Loss can divide us, but it can also unite us, as we are seeing in the case of Debbie Reynolds and Carrie Fisher. Collectively we are trying to make sense of a large public loss that has affected many individually. Why? Because we invite film and the experience of it into our homes.
With that said, I believe Carrie was waiting for her mother on the other side of the very thin veil that separates the human form from the soul/spirit.
I think it is important to note however, that just because one parent dies soon after his/her child dies, does not mean that the parent loved his/her child more than any other parent who loses a child. I will write more on broken heart syndrome soon.
In the meantime, let’s all flood each other with kindness and understanding without platitudes or judgement. And yes, let’s be aware that the physical manifestation of grief can be traumatic stress on a body that is already undergoing stress due to age/health issues or other issues that we, the general public, may be unaware of.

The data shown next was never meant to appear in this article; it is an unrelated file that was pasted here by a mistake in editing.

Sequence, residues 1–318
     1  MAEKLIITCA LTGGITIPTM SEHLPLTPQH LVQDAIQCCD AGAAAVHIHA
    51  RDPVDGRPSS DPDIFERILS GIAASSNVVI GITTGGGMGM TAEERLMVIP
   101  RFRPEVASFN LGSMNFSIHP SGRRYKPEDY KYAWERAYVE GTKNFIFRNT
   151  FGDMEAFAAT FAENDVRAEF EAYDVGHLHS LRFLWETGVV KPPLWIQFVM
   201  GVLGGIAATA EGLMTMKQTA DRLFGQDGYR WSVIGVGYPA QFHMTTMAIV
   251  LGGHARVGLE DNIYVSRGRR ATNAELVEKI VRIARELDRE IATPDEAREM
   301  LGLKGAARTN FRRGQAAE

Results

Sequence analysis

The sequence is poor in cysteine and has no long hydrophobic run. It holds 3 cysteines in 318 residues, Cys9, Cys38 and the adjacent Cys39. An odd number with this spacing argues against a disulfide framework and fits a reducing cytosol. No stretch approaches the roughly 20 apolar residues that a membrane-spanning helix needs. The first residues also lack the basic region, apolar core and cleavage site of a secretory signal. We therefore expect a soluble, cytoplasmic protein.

Most important? Live now. Tell the people you love that you do indeed, love them. Park the phone and look these special souls in the eye — and say to him/her “Love you madly” or “So glad you’re in my life.” Plus, for gosh sakes resolve conflict with those important to you. Finish your unfinished business.
Why? Because as Debbie Reynolds and Carrie Fisher just proved, you never, ever know when you will take your last breath. The body may die, but love lasts.
Sending love to all of you,
Dianne Gray / @diannebgray (Twitter)
Grief / Communications, LIV ON